Does not listen
Cannot sit still
Cannot follow instructions
ADHD is a disorder where the child has difficulty to pay attention.
There are 3 types:
Type 1: Child does not pay attention, does not listen well to instructions, lose their things like school books, bags and are forgetful.
Type 2: Child is hyperactive, cannot sit still, are always running around, interrupts people when they are talking.
Type 3: Cannot pay attention and is hyperactive.
Attention deficit hyperactivity disorder is the most commonly dignosed disorder in children and teens.
ADHD also affects approximately 4 percent of adults, according to the WHO.
For both kids and adults, these symptoms create problems at school, work and in relationships.
What are the Risk Factors and Causes for ADHD?
Genetics — Studies show that ADHD runs in families and that about 80 percent of cases may be caused by genes inherited from parents.
Environment — The maternal (mother) environment might increase the risk for ADHD, including smoking during pregnancy, low birth weight and mum’s mental health. ADHD seems to be associated with traumatic events, such as emotional or physical abuse.
Food additives: A recent study found that drinking cold drink and food with additive (unhealthy components in food) increases hyperactivity in children without ADHD eg fizzy cold drinks, too much sugar and preservatives.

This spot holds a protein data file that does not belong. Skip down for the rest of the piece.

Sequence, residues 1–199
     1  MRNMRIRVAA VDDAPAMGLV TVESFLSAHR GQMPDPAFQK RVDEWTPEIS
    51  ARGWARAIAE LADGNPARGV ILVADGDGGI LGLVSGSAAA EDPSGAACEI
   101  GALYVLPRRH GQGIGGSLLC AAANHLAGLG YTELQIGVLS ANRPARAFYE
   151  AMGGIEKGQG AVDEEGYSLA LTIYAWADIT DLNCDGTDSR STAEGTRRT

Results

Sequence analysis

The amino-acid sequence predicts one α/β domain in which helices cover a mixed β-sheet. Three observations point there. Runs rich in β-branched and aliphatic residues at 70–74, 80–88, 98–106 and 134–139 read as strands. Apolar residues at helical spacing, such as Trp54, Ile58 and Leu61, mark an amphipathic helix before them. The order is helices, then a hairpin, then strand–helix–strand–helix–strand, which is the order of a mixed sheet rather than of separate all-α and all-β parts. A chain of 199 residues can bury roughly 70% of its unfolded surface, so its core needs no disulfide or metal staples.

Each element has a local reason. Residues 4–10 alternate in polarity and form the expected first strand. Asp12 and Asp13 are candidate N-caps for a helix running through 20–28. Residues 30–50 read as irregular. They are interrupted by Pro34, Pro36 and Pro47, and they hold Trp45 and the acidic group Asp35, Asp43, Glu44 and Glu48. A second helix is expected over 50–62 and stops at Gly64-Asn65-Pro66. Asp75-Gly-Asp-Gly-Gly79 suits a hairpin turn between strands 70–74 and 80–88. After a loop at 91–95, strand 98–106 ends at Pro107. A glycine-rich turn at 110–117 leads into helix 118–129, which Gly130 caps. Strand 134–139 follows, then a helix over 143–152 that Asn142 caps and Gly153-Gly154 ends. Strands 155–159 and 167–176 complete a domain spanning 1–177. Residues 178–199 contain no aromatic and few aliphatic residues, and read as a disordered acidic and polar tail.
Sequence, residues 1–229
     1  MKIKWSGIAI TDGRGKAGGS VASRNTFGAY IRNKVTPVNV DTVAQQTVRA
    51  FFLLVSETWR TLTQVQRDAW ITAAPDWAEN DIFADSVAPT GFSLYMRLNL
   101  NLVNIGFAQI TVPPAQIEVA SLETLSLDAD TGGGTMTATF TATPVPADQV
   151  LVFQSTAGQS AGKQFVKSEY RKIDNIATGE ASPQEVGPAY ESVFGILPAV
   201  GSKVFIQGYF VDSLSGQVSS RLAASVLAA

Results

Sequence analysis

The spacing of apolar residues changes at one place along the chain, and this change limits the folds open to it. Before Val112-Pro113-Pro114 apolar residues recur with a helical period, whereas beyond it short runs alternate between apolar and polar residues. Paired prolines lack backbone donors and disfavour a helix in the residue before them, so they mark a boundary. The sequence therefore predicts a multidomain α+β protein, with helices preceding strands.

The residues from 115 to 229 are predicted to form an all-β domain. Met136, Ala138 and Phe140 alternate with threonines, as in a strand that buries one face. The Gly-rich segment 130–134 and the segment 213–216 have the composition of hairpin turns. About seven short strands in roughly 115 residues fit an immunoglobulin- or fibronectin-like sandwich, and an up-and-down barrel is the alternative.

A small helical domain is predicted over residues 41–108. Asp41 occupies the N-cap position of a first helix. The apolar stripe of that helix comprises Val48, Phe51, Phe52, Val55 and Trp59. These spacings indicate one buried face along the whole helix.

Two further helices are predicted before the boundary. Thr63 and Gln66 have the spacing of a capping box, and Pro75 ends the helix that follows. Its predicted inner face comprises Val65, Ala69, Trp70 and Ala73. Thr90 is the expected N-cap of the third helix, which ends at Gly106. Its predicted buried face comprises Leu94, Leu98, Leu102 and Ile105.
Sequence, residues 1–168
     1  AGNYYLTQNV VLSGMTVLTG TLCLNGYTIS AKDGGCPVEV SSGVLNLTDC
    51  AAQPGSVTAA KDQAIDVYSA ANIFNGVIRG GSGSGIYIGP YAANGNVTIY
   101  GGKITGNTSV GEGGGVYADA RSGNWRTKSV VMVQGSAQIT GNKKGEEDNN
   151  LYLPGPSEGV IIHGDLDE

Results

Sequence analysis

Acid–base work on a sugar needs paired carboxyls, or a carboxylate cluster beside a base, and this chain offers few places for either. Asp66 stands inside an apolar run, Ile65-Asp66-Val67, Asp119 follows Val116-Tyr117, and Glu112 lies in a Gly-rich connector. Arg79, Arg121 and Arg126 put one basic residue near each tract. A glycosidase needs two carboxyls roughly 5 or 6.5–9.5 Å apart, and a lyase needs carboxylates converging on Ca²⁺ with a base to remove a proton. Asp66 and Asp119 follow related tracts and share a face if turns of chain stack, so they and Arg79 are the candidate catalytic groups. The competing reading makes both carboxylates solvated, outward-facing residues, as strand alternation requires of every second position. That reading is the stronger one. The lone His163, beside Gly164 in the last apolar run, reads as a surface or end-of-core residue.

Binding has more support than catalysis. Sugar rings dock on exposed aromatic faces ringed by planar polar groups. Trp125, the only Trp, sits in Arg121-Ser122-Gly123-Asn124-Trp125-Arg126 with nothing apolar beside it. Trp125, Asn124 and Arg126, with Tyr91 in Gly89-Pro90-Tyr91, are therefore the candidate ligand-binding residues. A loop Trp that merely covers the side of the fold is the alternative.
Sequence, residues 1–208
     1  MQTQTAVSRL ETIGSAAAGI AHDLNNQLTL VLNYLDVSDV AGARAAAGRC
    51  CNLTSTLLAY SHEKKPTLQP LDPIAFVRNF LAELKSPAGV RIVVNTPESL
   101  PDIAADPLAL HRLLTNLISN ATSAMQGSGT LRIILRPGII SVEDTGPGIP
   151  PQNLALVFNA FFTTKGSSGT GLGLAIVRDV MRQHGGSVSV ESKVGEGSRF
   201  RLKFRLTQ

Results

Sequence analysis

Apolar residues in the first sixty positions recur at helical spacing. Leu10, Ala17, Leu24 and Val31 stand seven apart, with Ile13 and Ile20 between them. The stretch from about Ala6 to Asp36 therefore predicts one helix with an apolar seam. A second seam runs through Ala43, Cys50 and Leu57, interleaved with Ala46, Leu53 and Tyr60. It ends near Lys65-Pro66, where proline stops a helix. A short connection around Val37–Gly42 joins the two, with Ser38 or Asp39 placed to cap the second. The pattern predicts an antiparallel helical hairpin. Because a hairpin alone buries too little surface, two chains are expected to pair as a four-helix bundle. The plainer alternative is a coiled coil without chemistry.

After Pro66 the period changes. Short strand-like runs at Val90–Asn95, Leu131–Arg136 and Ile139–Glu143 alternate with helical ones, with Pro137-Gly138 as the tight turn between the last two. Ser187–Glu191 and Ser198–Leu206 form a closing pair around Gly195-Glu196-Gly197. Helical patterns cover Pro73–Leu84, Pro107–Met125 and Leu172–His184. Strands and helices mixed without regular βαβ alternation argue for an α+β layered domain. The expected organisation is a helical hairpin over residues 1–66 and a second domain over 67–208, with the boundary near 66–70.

Brain Injury: Head trauma can cause ADHD like symptoms, though only a small percentage of these causes have been identified.
Symptoms of ADHD:
— Fidgets in a chair.
— Leaves his/her seat when its inappropriate.
— Runs or climbs when it’s inappropriate.
— Frequently has difficulty playing or participating in activities quietly.
— Often acts like he or she is “on the go” or “driven by a motor”.
— Talks excessively (too much).
— Misses details and makes careless mistakes.
— Is unable to organise tasks and activities.
— Has difficulty following through on instructions and completing assignments.
— Gets bored with a task after only several minutes.
— Doesn’t seem to listen when spoken to.
— Is easily distracted.
— Often loses toys, school supplies or anything necessary for a particular task.
— Is often forgetful.
— Avoids, dislikes or hesitates to participate in activities that require continous mental effort (eg homework)
— Blurts out answers before questions are completed.
— Has a tough time awaiting his or her turn.
— Interrupts others.
How is my child diagnosed with ADHD?
Doctor will perform a physical examination and take a medical history.
Doctor may also check hearing and vision so other medical conditions can be ruled out.
Other adults who see your child regualarly eg teachers probably will be consulted
An educational evaluation, which usually includes a school psychologist, may also be done.
You can also consult the occupational therapist.